November 13th saw me, my pal S. and his friend Dr. T took a plane ride from Ningbo to Shenzhen International Airport, and Ningbo International Airport is so named because it has routes to Taiwan, HK, and Macao other than her regular routes to many Chinese cities. It is far enough, and so it is named!
The plane ride lasted about an hour and a half; in flight service included a package of biscuits and a pop. You are right, “biscuits”! I would rather prefer a bag of peanuts though.
A lot of my fellow travelers are citizens travel in a group, in a tour, or going to HK for work, or business. The young lady sat next to me just came back from Jiuzhaihuan (九寨沟) and Ermei Mountain (峨眉山). She now works as a lawyer in HK – specializing in Chinese International Law. Anyways, she said she quite enjoyed the sceneries and the trip, so it was nice to know that we are heading into somewhere worthwhile seeing.
Jiuzhaihuan is an area discovered accidentally by some local residents picking herbs growing wild in the mountains in the mid 70’s. By the way, those days the majority of the locals are descendants from the Tibet region, because of the high plateau and thin oxygen, thus more sunlight year round. Folks there have perpetual sun tan, and rugged good looks. They were nomads for time eternity until the Chinese Central Government poured a lot of monies into the region to build infra structures, utilities, and housing.
More about locals later.
From the Arrival Floor of Shenzhen International, we took a cross boarder air conditioned bus to HK. After a 30 minutes ride we approached the board. You have to get off the bus on China side with his/her bags, walked towards the Immigrations Building which housed both HK and Chinese Immigration Officials. This case, entering HK side is very fast if one has the HK ID card and is considered Permanent HK Resident or HK citizen.
After gone through the paper work, you walked towards the Exit signs to HK, and board the same numbered Bus with your bags in hands to continue the remaining part of your trip towards HK. From this crossing you have about an hour to get to downtown. And you are in the Special Administering Zone of Hong Kong – Former British Colony.
Cars are driving on the opposite side of the road as compared to China. No more menacing electric assist bikes, traffic signals are obeyed, no tail gating, no constant hone honking, no cut ins without signaling, speed limits are observed, generally you can take a rest from the constant battle station mind set when you are on the road. Halleluiah!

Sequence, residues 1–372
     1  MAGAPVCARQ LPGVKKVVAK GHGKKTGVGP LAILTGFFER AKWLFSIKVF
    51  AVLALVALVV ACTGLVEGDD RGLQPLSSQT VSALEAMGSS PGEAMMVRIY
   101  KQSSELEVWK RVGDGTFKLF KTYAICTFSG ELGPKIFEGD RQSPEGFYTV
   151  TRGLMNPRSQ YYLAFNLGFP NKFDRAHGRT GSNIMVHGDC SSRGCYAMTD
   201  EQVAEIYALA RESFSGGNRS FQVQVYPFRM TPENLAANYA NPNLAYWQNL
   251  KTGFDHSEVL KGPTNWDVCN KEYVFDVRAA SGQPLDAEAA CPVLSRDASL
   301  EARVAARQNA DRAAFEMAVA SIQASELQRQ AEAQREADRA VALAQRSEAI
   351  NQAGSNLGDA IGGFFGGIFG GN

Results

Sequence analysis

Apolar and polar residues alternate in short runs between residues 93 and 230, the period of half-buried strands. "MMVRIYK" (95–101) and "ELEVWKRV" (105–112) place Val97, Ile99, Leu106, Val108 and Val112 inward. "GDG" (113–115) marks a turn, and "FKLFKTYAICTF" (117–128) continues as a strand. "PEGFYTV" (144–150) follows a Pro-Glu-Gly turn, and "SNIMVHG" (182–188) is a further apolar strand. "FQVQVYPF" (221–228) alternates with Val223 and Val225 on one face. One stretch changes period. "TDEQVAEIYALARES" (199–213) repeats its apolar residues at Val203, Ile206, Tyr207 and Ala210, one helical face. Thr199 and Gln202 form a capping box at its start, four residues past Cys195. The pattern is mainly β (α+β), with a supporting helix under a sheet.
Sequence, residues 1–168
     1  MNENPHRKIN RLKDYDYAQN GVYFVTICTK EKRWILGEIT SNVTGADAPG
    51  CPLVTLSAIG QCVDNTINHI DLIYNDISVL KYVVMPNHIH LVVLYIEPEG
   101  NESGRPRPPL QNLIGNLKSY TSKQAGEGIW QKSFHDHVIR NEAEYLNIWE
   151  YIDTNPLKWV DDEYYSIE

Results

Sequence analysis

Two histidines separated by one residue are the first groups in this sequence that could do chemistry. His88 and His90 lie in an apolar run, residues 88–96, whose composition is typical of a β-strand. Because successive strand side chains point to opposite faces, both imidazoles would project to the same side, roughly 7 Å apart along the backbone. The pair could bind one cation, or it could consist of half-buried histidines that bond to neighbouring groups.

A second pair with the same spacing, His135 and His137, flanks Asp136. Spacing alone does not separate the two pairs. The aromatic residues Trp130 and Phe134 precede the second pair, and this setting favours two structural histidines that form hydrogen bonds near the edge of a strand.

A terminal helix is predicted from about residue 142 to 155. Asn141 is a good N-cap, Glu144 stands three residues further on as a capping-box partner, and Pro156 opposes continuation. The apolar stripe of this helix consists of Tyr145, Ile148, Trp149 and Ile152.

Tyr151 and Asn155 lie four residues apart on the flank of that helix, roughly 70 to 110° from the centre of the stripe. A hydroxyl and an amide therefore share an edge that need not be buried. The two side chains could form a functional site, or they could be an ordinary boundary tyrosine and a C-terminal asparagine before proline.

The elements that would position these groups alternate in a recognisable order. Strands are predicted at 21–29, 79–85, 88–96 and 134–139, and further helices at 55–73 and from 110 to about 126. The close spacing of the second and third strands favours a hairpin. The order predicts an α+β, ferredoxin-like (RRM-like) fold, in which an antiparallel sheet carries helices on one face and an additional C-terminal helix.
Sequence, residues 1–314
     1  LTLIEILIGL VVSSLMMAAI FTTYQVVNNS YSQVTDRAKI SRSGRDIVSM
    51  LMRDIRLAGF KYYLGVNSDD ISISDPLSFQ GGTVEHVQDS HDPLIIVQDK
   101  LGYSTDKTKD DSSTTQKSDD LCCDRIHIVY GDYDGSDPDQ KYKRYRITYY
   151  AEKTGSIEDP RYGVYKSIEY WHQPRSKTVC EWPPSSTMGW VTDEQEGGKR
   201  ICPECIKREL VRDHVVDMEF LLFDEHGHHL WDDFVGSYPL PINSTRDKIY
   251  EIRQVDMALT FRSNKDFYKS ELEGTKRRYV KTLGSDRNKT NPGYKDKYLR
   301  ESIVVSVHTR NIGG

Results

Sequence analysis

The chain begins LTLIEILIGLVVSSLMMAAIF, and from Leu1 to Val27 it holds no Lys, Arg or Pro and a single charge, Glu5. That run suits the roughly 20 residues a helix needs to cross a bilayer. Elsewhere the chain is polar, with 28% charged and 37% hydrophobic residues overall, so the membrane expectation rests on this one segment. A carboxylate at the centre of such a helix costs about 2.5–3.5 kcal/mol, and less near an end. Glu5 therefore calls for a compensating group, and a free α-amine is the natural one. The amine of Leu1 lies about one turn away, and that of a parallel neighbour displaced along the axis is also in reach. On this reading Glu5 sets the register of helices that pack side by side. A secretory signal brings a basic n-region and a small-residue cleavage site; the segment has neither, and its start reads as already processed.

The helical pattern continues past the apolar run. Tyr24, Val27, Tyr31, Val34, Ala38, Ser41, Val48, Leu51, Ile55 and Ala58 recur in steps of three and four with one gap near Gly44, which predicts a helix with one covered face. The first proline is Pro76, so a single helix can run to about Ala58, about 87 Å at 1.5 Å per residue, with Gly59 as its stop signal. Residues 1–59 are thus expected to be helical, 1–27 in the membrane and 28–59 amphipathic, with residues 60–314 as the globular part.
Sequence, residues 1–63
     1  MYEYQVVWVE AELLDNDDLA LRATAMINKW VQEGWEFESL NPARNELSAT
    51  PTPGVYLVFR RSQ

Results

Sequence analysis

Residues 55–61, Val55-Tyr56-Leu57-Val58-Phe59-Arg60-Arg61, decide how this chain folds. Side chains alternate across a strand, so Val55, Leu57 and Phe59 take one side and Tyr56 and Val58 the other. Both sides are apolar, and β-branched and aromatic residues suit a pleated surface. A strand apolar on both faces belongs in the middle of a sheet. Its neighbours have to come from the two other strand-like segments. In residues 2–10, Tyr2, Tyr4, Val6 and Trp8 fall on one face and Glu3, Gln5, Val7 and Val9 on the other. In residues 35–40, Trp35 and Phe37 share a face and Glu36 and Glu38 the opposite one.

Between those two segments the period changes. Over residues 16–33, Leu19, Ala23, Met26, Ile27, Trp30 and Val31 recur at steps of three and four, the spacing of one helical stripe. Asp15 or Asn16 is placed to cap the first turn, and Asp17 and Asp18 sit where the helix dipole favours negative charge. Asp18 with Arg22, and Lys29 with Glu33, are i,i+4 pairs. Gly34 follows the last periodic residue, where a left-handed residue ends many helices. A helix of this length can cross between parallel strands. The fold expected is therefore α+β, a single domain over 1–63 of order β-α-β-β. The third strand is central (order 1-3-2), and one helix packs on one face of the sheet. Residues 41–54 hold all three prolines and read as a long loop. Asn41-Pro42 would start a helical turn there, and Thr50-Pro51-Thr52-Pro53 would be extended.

We rented rooms on Lamma Island for two nights; Lamma is about an hour’s boat ride from HK Island, we like it there, because the pace over there is much less hectic, air quality is far better, and only bank over there happened to be my bank, and has its one and only ATM machine on the main drag.
Next day I took Dr. T for a little trip on HK Island. First we took a bus ride from Central to the Peak – The Victoria Peak as it was called in the old days.
Now it is generally called – the Peak.
You can take the electric Tram or the bus to go up and down. I opted a bus ride up, so we will see more of the local areas. It didn’t disappoint Dr. T, as he has never been to HK before. After we passed the sea level part of the trip, as the bus accented the hill, the road up is very winding and narrow, for those who has been to HK, the higher up the hill your residence is, it is safe to assume that you do better than your earthy brothers down on the flats.
We spent a lot of time goo-goo gaga over those mansions built precariously on the hill side on the way up. Dr. T retired from the Chinese National Air Force a few years ago. He grew up in the Cultural Revolution Era, trained as a “Bare Foot” doctor in his younger days, later enlisted in the Air Force as a medic, and gradually learned all his profession skills through time and rank.
Dr. T has worked a lot of small towns and cities during his service, when he retired, he was an accomplished acupuncturist, specialized in pain management and a gentleman as I observed.
Anyways, the day’s temperature was at its mid twenties and it was hazy, we had a Big Mac lunch on the Peak, Dr. T very seldom, if never had Big Mac before, but being a good sport, he not only ate the whole lunch, but even had a second cup of grind coffee.
The Peak area as I remembered has all but disappeared; the area now has an observation tower on top of a multi level tourist shopping area. We walked around for a bit, and then decided to take the electric tram down. This Trim is akin to the one you take in San Francisco Bay area, but with no standing room. On the way down, you sit facing the peak direction, and it only took about ten minutes. Looking around and listening to them, you can tell we all came from different parts of the world.
We then took an east bound electric street car going towards the east end of HK Island. In the old days, this electric street car route was the main mold of transportation for her ordinary citizens. Today it charges HKD $2.5 per ride; you might ride from one end to the other end for a mere two and a half dollars. A must past time for any tourists with a few hours to kill, the routes